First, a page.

Sleep, they show, helps us to use our memory in the most flexible and adaptable manner possible by strengthening new and old versions of the same memory to similar extents.


The researchers also demonstrate that when a memory is retrieved -- when we remember something -- it is updated with new information present at the time of remembering. The brain appears not to 'overwrite' the old version of the memory, but instead generates and stores multiple (new and old) versions of the same experience.


The results of the research, carried out at York's Sleep, Language and Memory (SLAM) Laboratory, are presented in the journal Cortex today.


Lead researcher Dr Scott Cairney of York's Department of Psychology said: "Previous studies have shown sleep's importance for memory. Our research takes this a step further by demonstrating that sleep strengthens both old and new versions of an experience, helping us to use our memories adaptively.


"In this way, sleep is allowing us to use our memory in the most efficient way possible, enabling us to update our knowledge of the world and to adapt our memories for future experiences."


In the study, two groups of subjects learned the location of words on a computer screen. In a test phase, participants were presented with each of the words in the centre of the screen and had to indicate where they thought they belonged.


One group then slept for 90 minutes while a second group remained awake before each group repeated the test. In both groups, the location recalled at the second test was closer to that recalled at the first test than to the originally-learned location, indicating that memory updating had taken place and new memory traces had been formed.


However, when comparing the sleep and wake groups directly, the locations recalled by the sleep group were closer in distance to both the updated location (i.e. previously retrieved) and the original location, suggesting that sleep had strengthened both the new and old version of the memory.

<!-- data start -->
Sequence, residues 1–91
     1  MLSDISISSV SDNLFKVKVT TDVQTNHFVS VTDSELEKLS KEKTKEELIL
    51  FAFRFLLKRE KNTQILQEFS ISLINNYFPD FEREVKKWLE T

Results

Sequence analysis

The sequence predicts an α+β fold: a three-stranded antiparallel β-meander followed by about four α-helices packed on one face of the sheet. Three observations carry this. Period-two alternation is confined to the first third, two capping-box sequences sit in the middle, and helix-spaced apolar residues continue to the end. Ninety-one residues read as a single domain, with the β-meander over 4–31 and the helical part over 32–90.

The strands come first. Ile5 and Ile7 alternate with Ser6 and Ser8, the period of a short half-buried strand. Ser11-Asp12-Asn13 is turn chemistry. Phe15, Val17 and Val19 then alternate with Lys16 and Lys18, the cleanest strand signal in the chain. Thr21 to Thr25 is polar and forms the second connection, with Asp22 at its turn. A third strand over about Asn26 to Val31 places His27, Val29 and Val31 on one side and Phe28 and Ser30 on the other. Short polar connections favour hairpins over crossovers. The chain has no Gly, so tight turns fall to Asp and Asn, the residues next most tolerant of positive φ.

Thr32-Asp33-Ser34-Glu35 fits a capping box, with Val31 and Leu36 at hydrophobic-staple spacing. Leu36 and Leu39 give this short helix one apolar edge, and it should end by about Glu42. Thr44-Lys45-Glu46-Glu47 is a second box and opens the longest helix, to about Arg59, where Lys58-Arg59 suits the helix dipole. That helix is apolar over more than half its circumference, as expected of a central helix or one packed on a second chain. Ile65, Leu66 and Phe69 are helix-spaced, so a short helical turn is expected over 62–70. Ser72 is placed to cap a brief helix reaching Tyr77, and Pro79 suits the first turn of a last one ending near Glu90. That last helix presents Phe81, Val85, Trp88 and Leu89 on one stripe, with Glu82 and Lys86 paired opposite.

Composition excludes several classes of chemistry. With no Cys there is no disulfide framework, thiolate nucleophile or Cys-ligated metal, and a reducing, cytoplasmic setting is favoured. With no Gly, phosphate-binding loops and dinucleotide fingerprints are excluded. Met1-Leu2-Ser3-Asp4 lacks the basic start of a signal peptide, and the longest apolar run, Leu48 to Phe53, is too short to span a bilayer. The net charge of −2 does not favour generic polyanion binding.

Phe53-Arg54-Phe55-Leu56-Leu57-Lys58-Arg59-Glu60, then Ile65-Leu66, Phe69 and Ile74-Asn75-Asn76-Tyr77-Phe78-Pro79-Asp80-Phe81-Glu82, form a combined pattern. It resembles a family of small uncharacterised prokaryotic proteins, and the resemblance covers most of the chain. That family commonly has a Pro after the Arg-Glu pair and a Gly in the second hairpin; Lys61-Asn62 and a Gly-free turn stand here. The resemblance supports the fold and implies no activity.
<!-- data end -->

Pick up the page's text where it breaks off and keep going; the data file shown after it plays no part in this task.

Corresponding author Professor Gareth Gaskell of York's Department of Psychology said: "Our study reveals that sleep has a protective effect on memory and facilitates the adaptive updating of memories.


"For the sleep group, we found that sleep strengthened both their memory of the original location as well as the new location. In this way, we were able to demonstrate that sleep benefits all the multiple representations of the same experience in our brain."


The researchers point out that although this process helps us by allowing our memories to adapt to changes in the world around us, it can also hinder us by incorporating incorrect information into our memory stores. Over time, our memory will draw on both accurate and inaccurate versions of the same experience, causing distortions in how we remember previous events.


The study builds on a research model created by Ken Paller, Professor of Psychology at Northwestern University, USA, an eminent researcher in the field of memory and a co-author on this study.

How bacteria in the gut influence neurodegenerative disorders

Understanding the role of the microbiome may lead to better treatments for Parkinson's, Alzheimer's

November 16, 2017

Science Daily/Society for Neuroscience

Humans have roughly as many bacterial cells in their bodies as human cells, and most of those bacteria live in the gut. New research released today reveals links between the gut microbiome -- the population of microorganisms living in the gastrointestinal tract -- and brain diseases such as Parkinson's and Alzheimer's, including potential new ways to track and treat these diseases.


Almost 100 trillion microbes -- some beneficial and some harmful -- live in the human gastrointestinal tract at any time, helping to regulate immune function and inflammation, two factors hypothesized to play a role in neurodegenerative diseases like Parkinson's and Alzheimer's. As brain-focused cures for such diseases remain elusive, scientists are looking to the microbiome for new insight and novel strategies.


Today's new findings show that:

  • ·      Metabolites derived from the microbiome block protein misfolding in test tubes and prevent neurodegeneration in a fly model of a disease related to Parkinson's, hinting that gut-derived metabolites may hold therapeutic promise (Lap Ho, abstract 573.23, see attached summary).